Although the gameplay was unchanged, there were several drastic changes to the Map layout, HUD, user-interface and more which allegedly made it easier for amateurs to follow the game. Dota 2 Reborn also introduced ‘Custom Games’ to the client which would pay-off dividends, 5 years later with Autochess.


The Majors


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With the International peaking in popularity, fans just couldn’t get enough of the high-octane Dota 2 action and demanded more high-tier tournaments from Valve. They duly delivered with ‘the Major Championships’.

Valve revamped the competitive tournament scene by introducing a new system and format. They revealed that they would sponsor, in partnership with third party organizers, additional “marquee” events to take place sporadically throughout the season, culminating with The International.

It was our first glimpse into the future of Dota 2.


The 7.00 Patch


Ever since Icefrog took over Dota in the Warcraft days and through many years in Dota 2, the game was always in the 6.XX patch. In fact, DotA has been in version six-dot-something for more than 10 years.

So the ‘7.00’ announcement was a massive deal for the Dota 2 community.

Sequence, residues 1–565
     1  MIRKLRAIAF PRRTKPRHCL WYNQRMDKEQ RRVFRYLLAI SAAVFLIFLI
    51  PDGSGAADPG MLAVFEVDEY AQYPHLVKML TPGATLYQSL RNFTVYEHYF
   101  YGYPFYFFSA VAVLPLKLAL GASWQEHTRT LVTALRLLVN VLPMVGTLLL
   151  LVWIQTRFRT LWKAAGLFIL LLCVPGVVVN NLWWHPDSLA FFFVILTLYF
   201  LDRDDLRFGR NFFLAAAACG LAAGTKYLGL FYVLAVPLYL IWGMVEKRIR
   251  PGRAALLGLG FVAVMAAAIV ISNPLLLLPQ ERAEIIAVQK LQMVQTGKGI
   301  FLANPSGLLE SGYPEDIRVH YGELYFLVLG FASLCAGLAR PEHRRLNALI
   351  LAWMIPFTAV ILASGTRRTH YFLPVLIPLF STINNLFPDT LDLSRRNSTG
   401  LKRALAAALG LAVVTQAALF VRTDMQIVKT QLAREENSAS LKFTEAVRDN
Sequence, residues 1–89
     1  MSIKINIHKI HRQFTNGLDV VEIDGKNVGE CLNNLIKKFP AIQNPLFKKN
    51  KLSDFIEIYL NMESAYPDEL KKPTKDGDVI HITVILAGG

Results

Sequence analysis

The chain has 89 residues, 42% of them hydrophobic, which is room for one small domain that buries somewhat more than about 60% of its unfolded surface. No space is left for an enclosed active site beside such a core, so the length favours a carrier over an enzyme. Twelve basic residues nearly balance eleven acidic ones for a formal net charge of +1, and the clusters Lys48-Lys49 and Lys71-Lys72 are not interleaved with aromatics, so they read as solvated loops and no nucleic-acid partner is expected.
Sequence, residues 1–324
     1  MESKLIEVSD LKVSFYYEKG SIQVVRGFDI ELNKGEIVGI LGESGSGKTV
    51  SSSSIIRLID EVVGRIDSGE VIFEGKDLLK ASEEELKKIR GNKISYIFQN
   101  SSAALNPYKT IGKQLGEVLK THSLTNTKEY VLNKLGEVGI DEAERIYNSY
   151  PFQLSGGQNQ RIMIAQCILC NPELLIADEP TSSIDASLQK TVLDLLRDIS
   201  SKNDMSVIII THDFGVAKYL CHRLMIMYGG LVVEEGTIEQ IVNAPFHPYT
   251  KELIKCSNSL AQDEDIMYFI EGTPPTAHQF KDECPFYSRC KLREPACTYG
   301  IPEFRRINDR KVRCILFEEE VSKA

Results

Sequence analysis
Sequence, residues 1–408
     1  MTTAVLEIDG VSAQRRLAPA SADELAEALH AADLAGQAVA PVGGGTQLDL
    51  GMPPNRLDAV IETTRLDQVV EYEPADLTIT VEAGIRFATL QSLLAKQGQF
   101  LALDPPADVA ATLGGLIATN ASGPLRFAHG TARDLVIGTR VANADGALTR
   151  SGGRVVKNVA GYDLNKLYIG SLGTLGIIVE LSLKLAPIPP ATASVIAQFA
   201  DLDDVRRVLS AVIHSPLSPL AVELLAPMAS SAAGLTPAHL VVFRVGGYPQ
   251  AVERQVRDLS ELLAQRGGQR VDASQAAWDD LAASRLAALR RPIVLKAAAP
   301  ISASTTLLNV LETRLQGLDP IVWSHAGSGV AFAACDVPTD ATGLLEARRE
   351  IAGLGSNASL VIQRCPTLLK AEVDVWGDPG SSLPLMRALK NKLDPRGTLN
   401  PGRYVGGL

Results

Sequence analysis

It was a radical modernisation of the game, changing everything including the interface, the map and other vital systems that made Dota 2 one of the hardest games in the world. It even introduced a new concept to Dota 2 players called Talent Trees which has become one of the most vital parts of the game.


The Dota 2 Pro Circuit


Although the Majors system, introduced two years prior, helped teams compete for massive prize pools year-round, it was detrimental to third-party tournament organizers. The prestige and the prize pool of Valve Majors meant that teams began to skip third-party tournaments and relegated them low-tier events. 

Valve was also being criticized by players, teams and fans for their non-transparent and unpredictable nature for handing out International invitations.